At the close of 2018, I had every intention of doing a yearlong cosmetic No Buy. Having successfully completed a 6 month No Buy in years past, I felt like this challenge would be doable for me. However, the more I thought about doing a yearlong No Buy, the more anxious I became about my spending… In fact, I started to spend uncontrollably, constantly buying new beauty products online due to the anxiety that came along with thinking about my No-Buy. Essentially, the idea of putting myself on a year-long No Buy set me up for a “beauty bender” of sorts that has lasted from October 2018 through March 2019.
As a result of my reckless spending, I’ve decided I needed to make a change. Originally, I had every intention of doing another No Buy, but each time I “started” I ended up making a purchase. As a result, I have decided to try a Low-Buy this year. My Low Buy Year officially started on May 1st and will run through December 31st. Unlike previous year’s No-Buy rules which dictated that I could not purchase anything new unless I a replacement, this year’s Low Buy will have different rules.
What is a No-Buy vs. Low Buy?
A No-Buy is a shopping fast that involves someone refraining from shopping for a set period of time. This may vary from one month to a year. Although this tactic can be used to reduce spending across a wide variety of categories, it is most popular within the beauty community for shopping-obsessed beauty enthusiasts.
Although the concept has grown in popularity as the beauty community has grown, one common complaint about No Buys is that fasts are essentially the “spending” equivalent to a crash diet. Thus, some individuals argue that these are not always the most effective method for making sustainable shifts to spending habits.
In contrast, a Low Buy is akin to a shopping diet. Rather than “starving” yourself from shopping in entirety, an individual on a low buy sets parameters for either the number of products that can be purchased or the dollar amount that can be spent during a given time period. Proponents of this shopping challenge argue that Low Buys are more sustainable in the long run and can still influence positive changes. Detractors argue that Low Buys don’t really do anything.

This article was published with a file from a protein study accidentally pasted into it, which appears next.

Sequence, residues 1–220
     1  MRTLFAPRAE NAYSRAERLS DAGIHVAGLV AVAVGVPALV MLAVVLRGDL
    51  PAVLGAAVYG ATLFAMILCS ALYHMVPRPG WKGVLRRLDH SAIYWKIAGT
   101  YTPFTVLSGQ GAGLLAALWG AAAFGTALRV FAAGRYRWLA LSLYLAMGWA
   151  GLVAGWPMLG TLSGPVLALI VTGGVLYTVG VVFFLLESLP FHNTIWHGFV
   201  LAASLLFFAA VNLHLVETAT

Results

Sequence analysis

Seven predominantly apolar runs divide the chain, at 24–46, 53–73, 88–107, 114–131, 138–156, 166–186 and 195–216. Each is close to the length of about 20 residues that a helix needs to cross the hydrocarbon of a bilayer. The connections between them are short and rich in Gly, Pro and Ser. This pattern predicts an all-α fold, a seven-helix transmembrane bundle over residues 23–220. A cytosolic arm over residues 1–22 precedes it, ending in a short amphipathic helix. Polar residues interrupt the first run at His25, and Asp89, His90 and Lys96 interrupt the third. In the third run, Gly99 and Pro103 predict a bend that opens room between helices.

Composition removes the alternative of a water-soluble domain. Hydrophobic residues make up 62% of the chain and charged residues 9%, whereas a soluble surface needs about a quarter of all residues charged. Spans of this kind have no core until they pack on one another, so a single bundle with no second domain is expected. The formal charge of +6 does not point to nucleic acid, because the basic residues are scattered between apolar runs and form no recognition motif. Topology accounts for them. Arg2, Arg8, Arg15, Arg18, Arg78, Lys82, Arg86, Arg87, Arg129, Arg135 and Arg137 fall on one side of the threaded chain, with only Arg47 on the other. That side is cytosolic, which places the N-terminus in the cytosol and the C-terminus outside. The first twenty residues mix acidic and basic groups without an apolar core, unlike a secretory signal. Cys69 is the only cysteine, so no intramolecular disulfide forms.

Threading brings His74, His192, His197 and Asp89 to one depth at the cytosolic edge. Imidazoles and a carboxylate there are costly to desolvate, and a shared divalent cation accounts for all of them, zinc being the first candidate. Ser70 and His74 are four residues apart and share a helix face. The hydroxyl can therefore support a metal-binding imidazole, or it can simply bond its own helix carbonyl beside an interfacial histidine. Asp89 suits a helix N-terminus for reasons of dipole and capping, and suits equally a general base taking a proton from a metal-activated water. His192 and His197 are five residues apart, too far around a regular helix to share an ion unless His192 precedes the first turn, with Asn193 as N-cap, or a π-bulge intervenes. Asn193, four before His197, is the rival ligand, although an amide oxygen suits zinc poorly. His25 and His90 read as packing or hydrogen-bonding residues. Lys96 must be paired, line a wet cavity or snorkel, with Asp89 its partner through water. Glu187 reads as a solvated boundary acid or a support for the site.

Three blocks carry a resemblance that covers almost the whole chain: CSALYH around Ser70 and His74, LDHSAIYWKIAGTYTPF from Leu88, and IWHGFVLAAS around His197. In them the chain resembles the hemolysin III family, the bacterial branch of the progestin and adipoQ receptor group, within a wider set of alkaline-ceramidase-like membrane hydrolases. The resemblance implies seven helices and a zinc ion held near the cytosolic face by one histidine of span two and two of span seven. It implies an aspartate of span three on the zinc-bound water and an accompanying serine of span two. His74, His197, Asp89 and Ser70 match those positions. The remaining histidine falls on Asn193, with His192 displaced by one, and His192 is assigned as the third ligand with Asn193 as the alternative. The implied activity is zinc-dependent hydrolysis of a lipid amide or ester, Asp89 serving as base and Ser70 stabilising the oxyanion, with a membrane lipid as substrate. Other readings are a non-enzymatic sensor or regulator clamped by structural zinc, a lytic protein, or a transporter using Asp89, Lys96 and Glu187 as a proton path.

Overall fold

Low Buy 2019 Rules
- I cannot spend more than $75.00 on NEW cosmetics in a given month
- Dollars not spent in a given month can roll forward, but I cannot borrow against future budgets
- Ex. If I want to buy a $90.00 eyeshadow palette in May, I cannot pull $15.00 forward. I would need to wait until June to buy the palette.
- Exclusions: Items received via influencer networks, as gifts, or purchased via gift cards do NOT count against the dollar value
Although this challenge may seem laughable to some, I’m hoping that this will be a good detox for me because I’ve been spending far more than $100 USD a month since October 2018. Additionally, I’m hoping that once I start this challenge, I’ll feel encouraged to extend it. In an ideal world, I’ll maintain this budget indefinitely, but I’m just not sure how realistic that will be for me.
2019 Project Pan Goal
My current beauty collection is comprised of 350 products (valued at approximately $6.1K). In an ideal world, I’d love to cut my collection in half by the end of 2019. As such, my Project Pan Goal is to finish or declutter 50% of my collection, or 175 products. Knowing that I finished or moved out more than 250 products in 2018, this challenge should be doable from a volume perspective. However, knowing that my spending was off the wall this Winter and that I received so many goodies at Beautycon NYC, reaching 50% may be a struggle.
Are you doing any sort of spending detox or project panning this year? Please let me know in the comments below.